When I graduated from high school, my mom gave me Dr. Seuss’s beloved book Oh, The Places You’ll Go!, and, boy, did I believe it!
I had so many things I wanted to do with my life, so many goals I wanted to achieve. I was going to make a difference. By golly, I’d change lives.
As a seventeen year old child, having just graduated valedictorian, I read Dr. Seuss’s famous book and had no doubt I’d reach my destination—I was going to move mountains. How those mountains would move, well, I wasn’t quite sure, but I knew, just knew I could do it.
And now, at almost forty, I look back at that book and understand the lines I didn’t give much thought to—the lines about Bang-ups and Hang-ups where we’re hung up in a prickle-ly perch and left in a Lurch.
Teenagers always want to change the world and move mountains. They dream of having epic but usually end up with ordinary. It’s taken me twenty years to learn what Dr. Seuss never tells us—that mountains can move unexpectedly (and unknowingly), even when we are caught in the hum-drum of our daily lives.
Sometimes it seems like so much of my life has been spent in Dr. Seuss’s The Waiting Place. But at my age I’ve learned to never lament the time I spend sitting still. Sometimes it’s the most precious place to be—enjoying butterfly kisses from my three year old while we spend the last ten minutes cuddling before bedtime; relishing deep breaths of clean summer air and chatting with my husband while he throws a few casts hoping for a bite on his fishing line.
I look at Oh, The Places You’ll Go! now and understand that the book isn’t about the mountain; it’s about the journey to get there, and those frightening creeks and sneakers that leak are all part of the process and things to be thankful for.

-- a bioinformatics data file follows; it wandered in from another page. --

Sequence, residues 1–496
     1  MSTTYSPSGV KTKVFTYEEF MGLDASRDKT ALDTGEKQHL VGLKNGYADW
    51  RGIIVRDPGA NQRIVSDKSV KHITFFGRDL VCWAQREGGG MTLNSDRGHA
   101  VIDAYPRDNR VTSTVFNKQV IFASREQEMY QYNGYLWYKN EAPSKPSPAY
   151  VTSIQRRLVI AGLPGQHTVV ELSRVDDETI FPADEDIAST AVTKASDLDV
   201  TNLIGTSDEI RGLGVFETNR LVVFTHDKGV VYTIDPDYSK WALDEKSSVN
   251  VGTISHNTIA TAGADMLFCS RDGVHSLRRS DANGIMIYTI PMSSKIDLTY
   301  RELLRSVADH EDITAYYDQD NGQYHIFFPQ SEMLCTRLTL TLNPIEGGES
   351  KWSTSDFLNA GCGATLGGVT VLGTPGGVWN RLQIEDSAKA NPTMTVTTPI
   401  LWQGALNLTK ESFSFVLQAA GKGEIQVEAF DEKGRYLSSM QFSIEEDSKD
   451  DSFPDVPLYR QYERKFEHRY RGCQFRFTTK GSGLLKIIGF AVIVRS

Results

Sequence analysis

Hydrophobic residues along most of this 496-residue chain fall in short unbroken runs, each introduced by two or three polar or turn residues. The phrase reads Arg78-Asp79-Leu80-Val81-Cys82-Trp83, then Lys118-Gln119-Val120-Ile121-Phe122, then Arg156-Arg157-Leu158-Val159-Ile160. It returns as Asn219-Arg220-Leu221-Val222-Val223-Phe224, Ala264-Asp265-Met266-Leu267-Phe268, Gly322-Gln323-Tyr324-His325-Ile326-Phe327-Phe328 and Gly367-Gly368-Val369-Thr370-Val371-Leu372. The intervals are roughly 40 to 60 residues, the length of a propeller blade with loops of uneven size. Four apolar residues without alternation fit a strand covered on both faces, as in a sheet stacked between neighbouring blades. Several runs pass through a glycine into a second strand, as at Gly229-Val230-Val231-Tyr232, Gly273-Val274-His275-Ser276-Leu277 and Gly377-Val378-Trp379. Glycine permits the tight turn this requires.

The expat life is a lifestyle that we have chosen as a family. And as frustrating as it is sometimes, I love that we’ve chosen it. We’ll always be taking long-haul flights and spending hours in a car driving to visit friends we only get to see in July. My family will always be in transition and moving from country to country. We will always feel somewhat like exiles.
I love that.
I use it as a reminder that this is not my true home. I’ll never really be home until I’m in heaven with Jesus. Until then, I want to love those God put in my path the best I can because, though Dr. Seuss never tell us, love is the only way for us to really move mountains.
As an expat mom who travels regularly between the United States and Asia, it seems like I should have my children trained to never pester me about when we’ll finally arrive. They should be accustomed to transits that last over twenty-four hours from door to door. Though it’s gotten easier now that my children are five and three and are willing to engage in Sesame Street marathons on the in-flight entertainment systems, every single time we get in a car to travel thirty minutes (let alone fourteen-hours for a transpacific flight), every ten minutes my kids still inquire when we will arrive.
I like to use my children as a mirror. When I do, I can see their annoying habits pointing directly back at my own irritating inclinations.
In the exhaustion of daily life, I still sometimes ask where I’m going and wonder if I’ll ever get there. I come up with strategic plans on how to achieve my goals and map out the route, calculating arrival times. And sometimes, like my children I whine, “Are we there yet?”
Every time I get hung up on my earthly mountains that loom in the back of my mind, I want to remember the importance of the journey. And I imagine my heavenly father telling me, “No. You are not there yet. You are a sojourner like Abraham and an exile like Daniel. Let me use you to love others, and when I’m ready, I’ll show you the mountains I moved.”